I was sitting in my small-town barber shop engaging in casual banter with the end-of-shift crowd, waiting to get a haircut before heading home. The topic of conversation: what is it like working at your job? Here are a few of the comments made:
- “Yeah, as soon as they hire you, they are looking for ways to fire you.” – Railroad and logistics company employee
- “I just started at this new place last month; I couldn’t stand the last one. They couldn’t keep anyone there. All my buddies left.” – Electrician for a regional company
- “We can’t keep anyone! I’m short-staffed constantly and working overtime every week.” – Local restaurant manager
- “It takes so long for us to hire someone. Meanwhile, I’m doing my job and covering for this open position.” – Manufacturing company employee
- “Yeah, last week I hired a new cook. Halfway through their first shift they quit and walked out.” – Local restaurant owner
- “It seems to be that way for everyone right now. Everybody’s leaving and going somewhere else.” – Barber shop owner
The tone and message of the conversation was clear. Losing staff, being short-staffed, and the effort to find new staff were taking a toll on each person and industry represented in that conversation. While the issue of employee turnover will never be solved (0% turnover) it is an important issue to be managed for any team or organization.
Turnover rate (the rate at which employees leave an organization and are replaced during a given time) and retention rate (an annual rate dividing the number of employees with one year or more of service by the number of staff in those positions one year ago) are two important metrics tied to your team’s people strategy, employee engagement, and cultural health.
The Cost of Employee Turnover
The U.S Bureau of Labor Statistics indicated 2019 and 2021 turnover rates across industries were between 45-47.2% (2020 saw a spike to nearly 58%!)
Higher turnover rates and lower retention rates directly affect the monetary bottom line and an organization’s productivity and performance!
The Society for Human Resource Management (SHRM) estimates that employers will spend the equivalent of six to nine months of an employee’s salary in order to find and train their replacement. You can see a breakdown below of where some of these costs originate.
|Cost of Vacant Position
|Cost to Fill Position
|Cost to Get to 100% Productive
|Increased staffing costs to cover lost work
|Cost of hiring manager’s time
|Cost of new hire’s salary & benefits
|Reduced productivity and/or quality of work
|Recruitment and advertising costs
|Cost of training manager’s time
|Increased costs of errors or reduced customer satisfaction
|Cost of screening and interview time
|Cost of reduced productivity for new hire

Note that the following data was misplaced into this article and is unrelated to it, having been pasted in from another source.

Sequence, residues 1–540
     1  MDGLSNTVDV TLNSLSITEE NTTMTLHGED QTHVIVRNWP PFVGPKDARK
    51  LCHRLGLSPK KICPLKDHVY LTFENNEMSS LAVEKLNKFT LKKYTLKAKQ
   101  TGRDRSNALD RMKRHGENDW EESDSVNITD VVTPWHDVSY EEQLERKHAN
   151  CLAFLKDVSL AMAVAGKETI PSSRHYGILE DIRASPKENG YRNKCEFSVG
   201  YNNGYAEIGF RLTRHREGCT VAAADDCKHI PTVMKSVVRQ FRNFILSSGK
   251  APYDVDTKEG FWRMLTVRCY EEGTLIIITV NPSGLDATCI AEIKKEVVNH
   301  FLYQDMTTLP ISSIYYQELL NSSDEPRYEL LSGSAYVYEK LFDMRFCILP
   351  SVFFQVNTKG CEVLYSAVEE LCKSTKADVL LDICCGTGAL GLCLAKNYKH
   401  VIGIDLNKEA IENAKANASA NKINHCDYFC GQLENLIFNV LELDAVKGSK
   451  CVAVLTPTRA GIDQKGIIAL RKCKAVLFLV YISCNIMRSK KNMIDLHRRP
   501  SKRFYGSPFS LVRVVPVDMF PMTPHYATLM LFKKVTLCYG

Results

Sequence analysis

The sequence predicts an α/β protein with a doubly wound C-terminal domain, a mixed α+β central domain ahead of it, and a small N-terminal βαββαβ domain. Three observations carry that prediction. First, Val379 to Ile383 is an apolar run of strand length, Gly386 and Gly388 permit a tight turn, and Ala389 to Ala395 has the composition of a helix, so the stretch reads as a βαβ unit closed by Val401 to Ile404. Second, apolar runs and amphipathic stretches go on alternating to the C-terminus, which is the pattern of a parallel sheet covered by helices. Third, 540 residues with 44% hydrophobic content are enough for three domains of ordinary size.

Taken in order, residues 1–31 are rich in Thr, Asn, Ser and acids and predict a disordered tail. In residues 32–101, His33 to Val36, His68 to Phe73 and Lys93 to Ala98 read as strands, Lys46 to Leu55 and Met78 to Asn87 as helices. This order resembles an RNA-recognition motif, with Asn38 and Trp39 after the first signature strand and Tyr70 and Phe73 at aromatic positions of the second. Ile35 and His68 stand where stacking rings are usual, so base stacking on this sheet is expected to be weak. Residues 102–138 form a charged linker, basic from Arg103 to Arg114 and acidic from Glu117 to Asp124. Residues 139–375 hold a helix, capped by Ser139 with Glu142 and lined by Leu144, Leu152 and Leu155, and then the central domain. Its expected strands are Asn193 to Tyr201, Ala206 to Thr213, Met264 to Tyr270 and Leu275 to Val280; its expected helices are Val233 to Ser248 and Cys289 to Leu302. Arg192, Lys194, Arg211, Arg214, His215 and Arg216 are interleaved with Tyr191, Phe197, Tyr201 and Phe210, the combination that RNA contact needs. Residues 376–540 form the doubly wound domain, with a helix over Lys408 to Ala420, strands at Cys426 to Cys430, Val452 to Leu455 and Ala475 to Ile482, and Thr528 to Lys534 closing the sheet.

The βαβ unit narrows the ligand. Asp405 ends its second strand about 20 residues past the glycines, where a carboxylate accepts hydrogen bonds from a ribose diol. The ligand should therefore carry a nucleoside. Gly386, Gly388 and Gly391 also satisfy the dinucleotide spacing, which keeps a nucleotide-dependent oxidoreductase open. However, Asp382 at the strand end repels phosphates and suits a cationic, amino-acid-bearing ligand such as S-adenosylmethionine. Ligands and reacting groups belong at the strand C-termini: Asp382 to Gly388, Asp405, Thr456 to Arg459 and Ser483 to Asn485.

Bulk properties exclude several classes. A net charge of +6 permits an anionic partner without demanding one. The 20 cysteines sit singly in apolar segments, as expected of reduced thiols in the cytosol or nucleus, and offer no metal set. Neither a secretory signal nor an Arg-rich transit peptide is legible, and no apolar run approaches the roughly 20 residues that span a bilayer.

|Exit interview and/or separation costs
|Continued cost of vacant position
|Cost of new materials (ex. training resources)
All this adds up to a conservative estimate of over ONE TRILLION-dollars of negative impact on the U.S. economy!
Three Leadership Tips on Healthy Turnover
Bringing it back to you, the leadership of your team and organization. What can you do to navigate a healthy relationship with healthy turnover?
1. Understand that turnover can be healthy and good. It can be a sign of people within an organization growing and pursuing new opportunities. New hires can bring fresh perspectives and skills that stimulate a healthy and vitalized culture. Explore the U.S. Bureau of Labor and Statistics breakdown of turnover by industry and see what is “normal” in your industry. Establish a healthy perspective for retention and turnover. For example, WinShape Teams is in the Educational Services industry, which had 25.5% in 2021. We established a target of 12% or less annual turnover and a KPI for our organization.
2. Onboard your people well. In The Power of Moments, author and researcher Chip Heath describes the power onboarding has in creating a sense of purpose and belonging for employees. Good onboarding directly correlates to strong cultures and healthy turnover rates. WinShape Teams currently breaks down onboarding into three categories: Organization, department, and team/role onboarding.
3. Create and implement a people strategy. What are you doing to regularly invest in your people? This can range from vacation policy to performance management process, individual development plans to career pathing. Three broad areas to consider:
- Invest in the head. What opportunities are available for people to gain knowledge and grow mentally?
- Invest in the heart. What is being done to foster people’s dreams/hopes and to create purposeful belonging?
- Invest in the hands. What is available for people to gain mastery of their role and enhance their skills?
Get Started Today
Here are a few small wins that can get you started:
1. Identify your team or organization’s turnover rate in the past year and compare that to industry averages.
2. Make day 1 memorable and meaningful for each new employee. Save the HR videos for day 2!
3. Explore with your current directs what they are growing in, what skills will help them in their role, how you can coach/train them, and what they aspire to (both professionally and personally).
Even these small changes can affect the bottom line of turnover, improve employee engagement, and promote a more positive culture within your team or organization.